A belief in these easy answers – aliens did it – has another problem. We are not giving sufficient credit to the skills of our ancestors, in an act of chronological snobbery:
“The presumption, inherited from the Enlightenment and given a scientific gloss by Darwinism, is that our technological sophistication somehow indicates our superior position in the eternal upward climb from barbarism. We today are superior technologically, scientifically, and—skipping over a number of premises—therefore morally.”
Given that humans have been anatomically modern for 300,000 years and behaviourally modern for perhaps 50,000 years, this is obviously nonsense. People were not stupid just because they lived in the past – or in a different country. This latter point is important with regard to Chariots of the Gods?, which in particular does not give credit to our forebears from outside the Greco-Roman world. Put more bluntly, these theories are pretty racist.
To be charitable for a moment, Chariots of the Gods? does briefly mention Stonehenge as one possible alien-influenced construction in Europe, among endless speculation about Egyptian, South American and Australian monuments. Alien influence is not suggested as the provenance of Classical Greek or Roman edifices, however, as Professor Chris Riedel notes:
“That’s what the ancient aliens theory does: it discredits the origins of civilizations, and almost entirely of non-white civilizations. People may suggest Stonehenge was built by aliens – but do the[y] suggest the Roman Forum or Parthenon were? No.”
Questions are raised by von Däniken as to how the creators of the Nazca Lines in Peru could – 2,000 years ago – form images that are so striking from the air, speculating that they are perhaps landing strips for alien spacecraft. Curiously, however, he saw no reason to doubt that Greek polymath Eratosthenes, in approximately the same era, found a way to measure the Earth’s circumference to 3% of the true value.
Such beliefs are not without consequence: pseudoscientific archaeological claims about Native American history, for example, were used to justify forced migration and the Trail of Tears in 19th Century America.
As palaeontologist Julien Benoit notes on these pseudoscientific beliefs:
“What’s the harm? Actually, there is great harm: firstly, these people try to prove their theories by travelling the world and desecrating ancient artefacts. Secondly, they perpetuate and give air to the racist notion that only Europeans – white people – ever were and ever will be capable of such architectural feats.”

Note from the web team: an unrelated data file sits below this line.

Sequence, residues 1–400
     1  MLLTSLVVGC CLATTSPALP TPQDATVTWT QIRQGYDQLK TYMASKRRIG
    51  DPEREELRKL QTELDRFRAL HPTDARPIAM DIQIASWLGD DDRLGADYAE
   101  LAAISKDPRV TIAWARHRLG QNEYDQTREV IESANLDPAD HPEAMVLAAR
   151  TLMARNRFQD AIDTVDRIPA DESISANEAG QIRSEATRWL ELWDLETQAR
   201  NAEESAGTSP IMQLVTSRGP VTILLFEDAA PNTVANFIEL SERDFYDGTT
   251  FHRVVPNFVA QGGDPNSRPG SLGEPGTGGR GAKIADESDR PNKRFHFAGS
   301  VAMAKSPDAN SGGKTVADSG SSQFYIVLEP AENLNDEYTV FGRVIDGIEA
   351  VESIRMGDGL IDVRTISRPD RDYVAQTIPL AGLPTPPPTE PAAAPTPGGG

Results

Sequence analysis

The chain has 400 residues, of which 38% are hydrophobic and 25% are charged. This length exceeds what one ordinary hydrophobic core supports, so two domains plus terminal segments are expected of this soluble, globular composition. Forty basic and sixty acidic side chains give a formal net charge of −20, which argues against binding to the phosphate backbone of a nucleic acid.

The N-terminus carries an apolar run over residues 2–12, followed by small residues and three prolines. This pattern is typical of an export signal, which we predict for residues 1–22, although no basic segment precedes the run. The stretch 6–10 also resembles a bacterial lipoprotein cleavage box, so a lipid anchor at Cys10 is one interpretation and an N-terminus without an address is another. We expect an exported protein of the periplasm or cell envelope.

It is a widely held view among academics that the ancient aliens theory is racist in practice, but is this enough to condemn Chariots of the Gods? and von Däniken himself?
Consider these quotes from von Däniken’s 1979 follow-up, Signs of the Gods:
“The evolutionists say that man descends from monkeys. Yet who has ever seen a white monkey? Or a dark ape with curly hair such as the black race has?”
“Was the black race a failure and did the extraterrestrials change the genetic code by gene surgery and then programme a white or a yellow race?”
The whole concept is steeped in racism, from the author’s own words, to how these concepts play out in the real world. Even Wilhelm Utermann, the German language editor of Chariots of the Gods, was a contributor to a Nazi newspaper in the 1940s.
What, then for Blackpool?
I am all in favour of any redevelopment of a fine town and tourist destination, but it is very hard to be enthusiastic about plans that carry quite so much baggage.
If the compulsory purchase plans are successful and the Chariots of the Gods park goes ahead, Blackpool Council might wish to take heed of the ultimate fate of Jungfrau Park in Switzerland. Another ancient aliens theme park, designed by Erich von Däniken himself, it was opened in 2003 and closed, due to lack of visitors and financial difficulties, just three years later.